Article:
The 39-year-old actor said the movie uses a new version of 3-D technology to thrill audiences.
"(It's) like you've never seen before," he told Early Show co-anchor Harry Smith. "3-D used to just come at you like a gimmick. This utilizes all the best visual effects that we have. It uses a system called RealD, it's all digital."
RealD technology has been used in animated films like "Chicken Little" and a version of "Meet The Robinsons" as well as recent concert films by Miley Cyrus and The Rolling Stones. "Journey To The Center Of The Earth" is the first live action film to use the technology.
The film also marks the feature film directorial debut by Eric Brevig who's best known for his more than 20 years of experience as a visual effects supervisor ("Men In Black," "The Day After Tomorrow").
"We've taken the classic tale, Jules Verne's 'Journey To The Center Of The Earth' to be the template for this adventure picture," Fraser said. "We've put it together with state-of-the-art imagery to bring an audience to a place where they are immersed into this movie. It's like they become a character from the start."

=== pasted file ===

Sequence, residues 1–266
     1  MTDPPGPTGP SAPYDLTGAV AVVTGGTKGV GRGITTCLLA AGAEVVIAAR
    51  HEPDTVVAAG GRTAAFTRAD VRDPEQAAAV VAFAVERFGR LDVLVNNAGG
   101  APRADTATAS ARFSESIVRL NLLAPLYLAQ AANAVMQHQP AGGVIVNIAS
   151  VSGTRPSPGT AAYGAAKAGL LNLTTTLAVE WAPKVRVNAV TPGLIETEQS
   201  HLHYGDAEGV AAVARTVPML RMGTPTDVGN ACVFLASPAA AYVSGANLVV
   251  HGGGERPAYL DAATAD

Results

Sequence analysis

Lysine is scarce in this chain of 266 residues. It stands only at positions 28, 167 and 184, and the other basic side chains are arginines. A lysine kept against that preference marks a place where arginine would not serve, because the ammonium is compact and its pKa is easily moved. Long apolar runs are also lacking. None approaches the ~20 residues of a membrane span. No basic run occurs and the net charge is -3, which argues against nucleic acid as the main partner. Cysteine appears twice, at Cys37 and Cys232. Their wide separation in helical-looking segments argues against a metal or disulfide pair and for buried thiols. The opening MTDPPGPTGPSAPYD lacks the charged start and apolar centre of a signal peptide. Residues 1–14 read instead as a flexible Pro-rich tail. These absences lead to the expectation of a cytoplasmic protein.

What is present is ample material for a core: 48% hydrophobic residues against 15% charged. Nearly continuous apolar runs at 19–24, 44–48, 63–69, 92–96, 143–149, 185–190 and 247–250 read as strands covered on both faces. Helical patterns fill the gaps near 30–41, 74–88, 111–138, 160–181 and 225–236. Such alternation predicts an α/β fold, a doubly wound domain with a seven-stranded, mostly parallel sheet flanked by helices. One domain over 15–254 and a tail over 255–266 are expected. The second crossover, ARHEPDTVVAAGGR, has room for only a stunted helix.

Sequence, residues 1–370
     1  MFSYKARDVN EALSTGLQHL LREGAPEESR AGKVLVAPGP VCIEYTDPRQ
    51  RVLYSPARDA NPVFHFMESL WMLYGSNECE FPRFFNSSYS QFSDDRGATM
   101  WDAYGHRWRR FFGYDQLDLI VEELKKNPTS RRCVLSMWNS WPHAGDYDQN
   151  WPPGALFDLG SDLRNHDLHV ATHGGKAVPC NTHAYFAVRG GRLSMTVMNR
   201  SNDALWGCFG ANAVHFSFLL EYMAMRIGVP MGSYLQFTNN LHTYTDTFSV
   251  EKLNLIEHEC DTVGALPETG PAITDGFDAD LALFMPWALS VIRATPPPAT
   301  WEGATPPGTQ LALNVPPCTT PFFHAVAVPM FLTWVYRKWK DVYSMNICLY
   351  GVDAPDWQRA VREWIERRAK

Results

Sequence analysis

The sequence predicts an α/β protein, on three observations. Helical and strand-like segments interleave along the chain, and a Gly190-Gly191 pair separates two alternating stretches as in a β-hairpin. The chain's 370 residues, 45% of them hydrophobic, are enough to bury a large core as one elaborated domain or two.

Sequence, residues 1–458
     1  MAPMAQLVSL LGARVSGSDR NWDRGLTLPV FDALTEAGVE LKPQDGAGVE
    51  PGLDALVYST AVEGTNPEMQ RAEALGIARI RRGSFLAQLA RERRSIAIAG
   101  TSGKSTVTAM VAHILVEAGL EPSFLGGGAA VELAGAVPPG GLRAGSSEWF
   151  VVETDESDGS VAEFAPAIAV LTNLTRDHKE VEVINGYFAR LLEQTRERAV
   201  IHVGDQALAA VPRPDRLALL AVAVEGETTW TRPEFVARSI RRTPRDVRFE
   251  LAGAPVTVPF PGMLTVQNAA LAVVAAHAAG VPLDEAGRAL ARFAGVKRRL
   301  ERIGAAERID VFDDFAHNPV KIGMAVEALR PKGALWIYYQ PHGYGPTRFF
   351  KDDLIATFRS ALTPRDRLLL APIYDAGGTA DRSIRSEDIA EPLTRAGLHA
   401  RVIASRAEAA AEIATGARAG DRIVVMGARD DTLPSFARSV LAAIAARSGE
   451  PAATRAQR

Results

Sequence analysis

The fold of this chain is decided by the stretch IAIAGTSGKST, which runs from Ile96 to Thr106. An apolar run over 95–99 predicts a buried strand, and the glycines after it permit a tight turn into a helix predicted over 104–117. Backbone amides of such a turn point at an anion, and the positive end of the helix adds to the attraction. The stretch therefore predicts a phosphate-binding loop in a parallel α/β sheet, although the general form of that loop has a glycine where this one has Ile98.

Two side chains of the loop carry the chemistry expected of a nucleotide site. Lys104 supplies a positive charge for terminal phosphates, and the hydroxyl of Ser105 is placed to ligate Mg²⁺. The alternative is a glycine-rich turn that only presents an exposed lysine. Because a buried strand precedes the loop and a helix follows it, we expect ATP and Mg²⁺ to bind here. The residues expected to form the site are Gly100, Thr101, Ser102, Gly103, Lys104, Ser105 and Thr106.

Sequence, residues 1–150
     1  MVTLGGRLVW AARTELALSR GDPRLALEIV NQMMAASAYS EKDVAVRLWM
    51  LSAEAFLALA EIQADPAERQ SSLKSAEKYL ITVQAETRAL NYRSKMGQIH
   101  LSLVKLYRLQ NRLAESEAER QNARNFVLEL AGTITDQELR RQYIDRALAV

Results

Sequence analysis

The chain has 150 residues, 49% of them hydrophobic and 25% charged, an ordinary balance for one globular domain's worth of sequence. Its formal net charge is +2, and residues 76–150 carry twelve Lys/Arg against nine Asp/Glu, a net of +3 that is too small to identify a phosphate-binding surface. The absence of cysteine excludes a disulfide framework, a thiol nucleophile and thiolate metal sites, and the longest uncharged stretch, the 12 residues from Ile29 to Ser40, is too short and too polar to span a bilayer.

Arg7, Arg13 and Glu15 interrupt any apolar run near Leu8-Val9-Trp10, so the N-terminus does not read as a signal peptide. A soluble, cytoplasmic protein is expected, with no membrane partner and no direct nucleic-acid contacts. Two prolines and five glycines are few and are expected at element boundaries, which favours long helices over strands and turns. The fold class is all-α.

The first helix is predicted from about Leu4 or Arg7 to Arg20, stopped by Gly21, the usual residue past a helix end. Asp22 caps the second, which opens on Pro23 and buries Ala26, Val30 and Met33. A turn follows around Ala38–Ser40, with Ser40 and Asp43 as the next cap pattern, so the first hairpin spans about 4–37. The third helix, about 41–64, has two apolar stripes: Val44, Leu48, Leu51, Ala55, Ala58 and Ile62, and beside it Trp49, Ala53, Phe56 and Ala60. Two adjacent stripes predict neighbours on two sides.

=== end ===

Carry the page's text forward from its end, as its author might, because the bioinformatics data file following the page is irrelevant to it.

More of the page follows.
Fraser is used to filming scenes in front of a blue screen where he'll tangle with unseen foes to be filled in later by the visual effects team.
Apparently, he honed his technique in grade school.
"You need a verdant imagination and a lot of patience. I used to sit in the hallway and play with my imaginary friends as a school boy. It's paid off, let's just say," he quipped.
Fraser admitted that he had never read Verne's 1864 book. But after he received the screenplay, he immediately ran out and got a copy.
"I compared the screenplay and the book," he said. "I thought 'I think we can build on these character relationships a little bit better.' I pitched some ideas and the studio said 'nice job' and made me an executive producer."
This was Fraser's first job as an executive producer. He said he was "terrified" and had no idea what to do, but he feels that over the last 15 years he's come of age and was able to rise to the task.
"I have learned my trade, my craft, working with things that are out there," he said. "I love this movie. I love to go and watch the audience watch the film. I defy anyone to not have a good time. They're constantly reaching out, they're ducking, leaping over backwards."